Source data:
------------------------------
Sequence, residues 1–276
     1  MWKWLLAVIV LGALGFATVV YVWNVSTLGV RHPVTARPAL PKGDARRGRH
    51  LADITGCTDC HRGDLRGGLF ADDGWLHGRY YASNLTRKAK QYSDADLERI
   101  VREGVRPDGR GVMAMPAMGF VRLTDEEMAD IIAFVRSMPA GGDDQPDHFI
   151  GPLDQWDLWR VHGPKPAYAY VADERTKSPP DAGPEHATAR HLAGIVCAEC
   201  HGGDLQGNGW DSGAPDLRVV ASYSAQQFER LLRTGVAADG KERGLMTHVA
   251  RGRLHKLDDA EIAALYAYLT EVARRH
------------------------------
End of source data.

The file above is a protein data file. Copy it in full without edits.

Sequence, residues 1–276
     1  MWKWLLAVIV LGALGFATVV YVWNVSTLGV RHPVTARPAL PKGDARRGRH
    51  LADITGCTDC HRGDLRGGLF ADDGWLHGRY YASNLTRKAK QYSDADLERI
   101  VREGVRPDGR GVMAMPAMGF VRLTDEEMAD IIAFVRSMPA GGDDQPDHFI
   151  GPLDQWDLWR VHGPKPAYAY VADERTKSPP DAGPEHATAR HLAGIVCAEC
   201  HGGDLQGNGW DSGAPDLRVV ASYSAQQFER LLRTGVAADG KERGLMTHVA
   251  RGRLHKLDDA EIAALYAYLT EVARRH